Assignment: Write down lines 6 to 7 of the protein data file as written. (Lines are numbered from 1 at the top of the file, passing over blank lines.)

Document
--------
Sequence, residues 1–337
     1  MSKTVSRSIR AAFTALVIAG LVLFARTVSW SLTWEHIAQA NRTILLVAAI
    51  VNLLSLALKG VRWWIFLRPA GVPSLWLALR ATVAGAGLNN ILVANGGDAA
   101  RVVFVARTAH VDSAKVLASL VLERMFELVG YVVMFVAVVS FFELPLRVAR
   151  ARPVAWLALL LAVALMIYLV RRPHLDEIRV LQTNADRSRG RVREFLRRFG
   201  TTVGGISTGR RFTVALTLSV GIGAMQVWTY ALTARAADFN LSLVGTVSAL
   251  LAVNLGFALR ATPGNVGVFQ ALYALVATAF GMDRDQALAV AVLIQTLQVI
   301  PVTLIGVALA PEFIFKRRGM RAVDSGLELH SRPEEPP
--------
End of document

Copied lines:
   201  TTVGGISTGR RFTVALTLSV GIGAMQVWTY ALTARAADFN LSLVGTVSAL
   251  LAVNLGFALR ATPGNVGVFQ ALYALVATAF GMDRDQALAV AVLIQTLQVI